Why was there a transit of Venus in 2012?

Why was there a transit of Venus in 2012?

Unlike the 2004 Venus transit, the 2012 transit occurred during an active phase of the 11-year activity cycle of the Sun, and would have provided practice in detecting a planet’s signal around a “spotty” variable star. Measurement of the apparent diameter of Venus during the transit, and comparison with its known diameter.

Where can you see the transit of Venus?

In North America, the Caribbean, and northwestern South America, the beginning of the transit was visible on 5 June until sunset. From sunrise on 6 June, the end of the transit was visible from South Asia, the Middle East, east Africa, and most of Europe.

How often does Venus transit between the Sun and Earth?

Venus transits occur when Venus reaches a point in its orbit that brings the planet directly between the Earth and the sun. Since the tilt of Venus’ orbit isn’t exactly the same as that of Earth, the events are rare, occurring just four times every 243 years. Skywatcher Tim McCord caught the Venus transit on June 5, 2012, in Entiat, WA.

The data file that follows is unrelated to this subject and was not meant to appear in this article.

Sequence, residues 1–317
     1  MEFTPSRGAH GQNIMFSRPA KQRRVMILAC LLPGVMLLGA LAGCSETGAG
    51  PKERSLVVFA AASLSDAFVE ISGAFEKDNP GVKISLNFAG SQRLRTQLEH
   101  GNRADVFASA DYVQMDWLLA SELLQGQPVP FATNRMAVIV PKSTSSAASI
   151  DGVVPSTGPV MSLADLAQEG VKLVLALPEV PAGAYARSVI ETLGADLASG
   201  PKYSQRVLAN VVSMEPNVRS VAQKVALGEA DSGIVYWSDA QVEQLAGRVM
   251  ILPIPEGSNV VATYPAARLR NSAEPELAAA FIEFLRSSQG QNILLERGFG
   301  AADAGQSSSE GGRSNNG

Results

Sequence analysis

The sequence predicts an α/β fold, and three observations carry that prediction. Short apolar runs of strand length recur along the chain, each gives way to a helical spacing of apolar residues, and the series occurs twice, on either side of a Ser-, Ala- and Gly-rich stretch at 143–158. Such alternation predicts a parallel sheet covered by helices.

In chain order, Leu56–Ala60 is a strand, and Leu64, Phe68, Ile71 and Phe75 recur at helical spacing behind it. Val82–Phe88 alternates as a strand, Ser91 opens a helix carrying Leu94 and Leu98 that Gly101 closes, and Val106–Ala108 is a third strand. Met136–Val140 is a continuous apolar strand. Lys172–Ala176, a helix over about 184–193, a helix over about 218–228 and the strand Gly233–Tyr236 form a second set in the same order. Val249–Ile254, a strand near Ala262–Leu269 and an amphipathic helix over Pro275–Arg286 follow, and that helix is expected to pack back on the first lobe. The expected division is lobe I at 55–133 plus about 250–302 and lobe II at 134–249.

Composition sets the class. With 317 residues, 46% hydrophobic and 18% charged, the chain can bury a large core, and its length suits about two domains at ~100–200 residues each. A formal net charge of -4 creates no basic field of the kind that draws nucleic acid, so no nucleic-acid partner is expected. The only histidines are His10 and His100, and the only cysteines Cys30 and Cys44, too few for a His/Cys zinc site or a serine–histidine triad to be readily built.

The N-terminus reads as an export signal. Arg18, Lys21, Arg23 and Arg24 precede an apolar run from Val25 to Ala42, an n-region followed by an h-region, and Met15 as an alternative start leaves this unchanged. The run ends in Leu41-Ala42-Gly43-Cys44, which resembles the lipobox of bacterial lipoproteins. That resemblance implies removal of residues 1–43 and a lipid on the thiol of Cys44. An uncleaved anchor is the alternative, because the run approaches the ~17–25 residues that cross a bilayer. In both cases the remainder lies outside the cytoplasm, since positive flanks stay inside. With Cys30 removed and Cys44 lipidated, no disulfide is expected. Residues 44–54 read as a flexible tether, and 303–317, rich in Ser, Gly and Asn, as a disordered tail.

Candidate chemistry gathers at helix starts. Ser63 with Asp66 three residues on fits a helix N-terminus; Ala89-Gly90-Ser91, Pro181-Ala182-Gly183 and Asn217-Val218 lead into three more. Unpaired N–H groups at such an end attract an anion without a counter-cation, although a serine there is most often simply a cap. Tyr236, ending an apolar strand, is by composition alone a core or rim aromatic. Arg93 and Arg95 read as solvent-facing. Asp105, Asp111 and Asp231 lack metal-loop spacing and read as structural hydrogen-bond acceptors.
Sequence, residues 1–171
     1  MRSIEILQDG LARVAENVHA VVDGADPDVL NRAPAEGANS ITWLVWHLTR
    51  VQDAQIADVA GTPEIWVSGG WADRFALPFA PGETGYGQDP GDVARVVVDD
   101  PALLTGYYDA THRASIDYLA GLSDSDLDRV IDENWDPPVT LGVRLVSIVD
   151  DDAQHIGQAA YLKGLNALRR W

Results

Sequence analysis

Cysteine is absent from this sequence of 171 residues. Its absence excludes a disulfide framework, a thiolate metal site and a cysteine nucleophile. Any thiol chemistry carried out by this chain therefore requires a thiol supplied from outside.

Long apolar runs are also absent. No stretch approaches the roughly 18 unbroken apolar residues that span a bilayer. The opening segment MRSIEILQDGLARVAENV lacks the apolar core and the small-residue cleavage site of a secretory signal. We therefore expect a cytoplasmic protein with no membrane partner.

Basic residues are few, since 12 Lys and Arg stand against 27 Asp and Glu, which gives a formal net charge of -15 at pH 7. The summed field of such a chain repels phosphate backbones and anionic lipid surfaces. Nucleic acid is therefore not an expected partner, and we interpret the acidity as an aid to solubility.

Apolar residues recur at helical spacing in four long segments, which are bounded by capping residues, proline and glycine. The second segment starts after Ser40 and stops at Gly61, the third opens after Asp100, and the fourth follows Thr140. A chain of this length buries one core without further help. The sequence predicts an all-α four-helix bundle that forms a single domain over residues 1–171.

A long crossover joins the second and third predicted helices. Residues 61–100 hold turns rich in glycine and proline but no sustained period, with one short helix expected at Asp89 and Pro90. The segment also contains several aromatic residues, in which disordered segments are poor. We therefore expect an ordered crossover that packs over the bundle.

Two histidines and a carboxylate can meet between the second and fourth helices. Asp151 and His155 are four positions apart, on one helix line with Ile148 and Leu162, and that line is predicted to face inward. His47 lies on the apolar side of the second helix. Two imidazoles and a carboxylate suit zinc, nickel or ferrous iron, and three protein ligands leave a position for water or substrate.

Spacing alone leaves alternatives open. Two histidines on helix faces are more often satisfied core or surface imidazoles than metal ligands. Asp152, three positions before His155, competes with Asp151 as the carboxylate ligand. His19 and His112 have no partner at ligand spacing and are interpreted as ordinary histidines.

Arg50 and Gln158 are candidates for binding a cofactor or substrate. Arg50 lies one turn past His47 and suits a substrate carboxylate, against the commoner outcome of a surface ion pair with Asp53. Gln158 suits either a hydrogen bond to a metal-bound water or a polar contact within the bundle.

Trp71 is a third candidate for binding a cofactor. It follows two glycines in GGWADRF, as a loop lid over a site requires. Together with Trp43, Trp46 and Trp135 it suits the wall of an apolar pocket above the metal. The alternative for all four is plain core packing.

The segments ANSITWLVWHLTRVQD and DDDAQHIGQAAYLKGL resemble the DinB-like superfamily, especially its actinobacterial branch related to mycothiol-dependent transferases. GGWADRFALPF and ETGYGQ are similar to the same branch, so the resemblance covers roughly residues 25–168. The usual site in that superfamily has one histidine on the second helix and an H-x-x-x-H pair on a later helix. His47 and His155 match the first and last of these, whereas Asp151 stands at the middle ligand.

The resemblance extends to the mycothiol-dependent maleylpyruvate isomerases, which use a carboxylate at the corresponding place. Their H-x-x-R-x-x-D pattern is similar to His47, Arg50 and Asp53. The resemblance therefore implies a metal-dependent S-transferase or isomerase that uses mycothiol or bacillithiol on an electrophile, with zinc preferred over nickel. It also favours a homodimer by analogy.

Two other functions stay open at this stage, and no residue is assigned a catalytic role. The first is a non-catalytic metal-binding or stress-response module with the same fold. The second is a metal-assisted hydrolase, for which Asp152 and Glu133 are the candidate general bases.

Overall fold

What did James Cook write about the transit of Venus?

Banks’ log entry on the day of the transit consists of 622 words; fewer than 100 of them concern Venus. Mostly he chronicled a breakfast-meeting with Tarróa, the King of the Island, and Tarróa’s sister Nuna, and later in the day, a visit from “three handsome women.”

When did Venus pass in front of the Sun?

On June 5-6, 2012, Venus passed in front of the Sun for the last time in over 100 years. On June 5-6, 2012, Venus passed in front of the Sun. This phenomenon will not occur for more than 100 years.

When is the next Venus transit in 2117?

The phenomenon can be experienced in recurring intervals of 8 years, 121.5 years, 8 years, and 105.5 years. The next Venus Transit will be 105.5 years after the last one, on December 10/11, 2117 followed by another on December 8/9, 2125.

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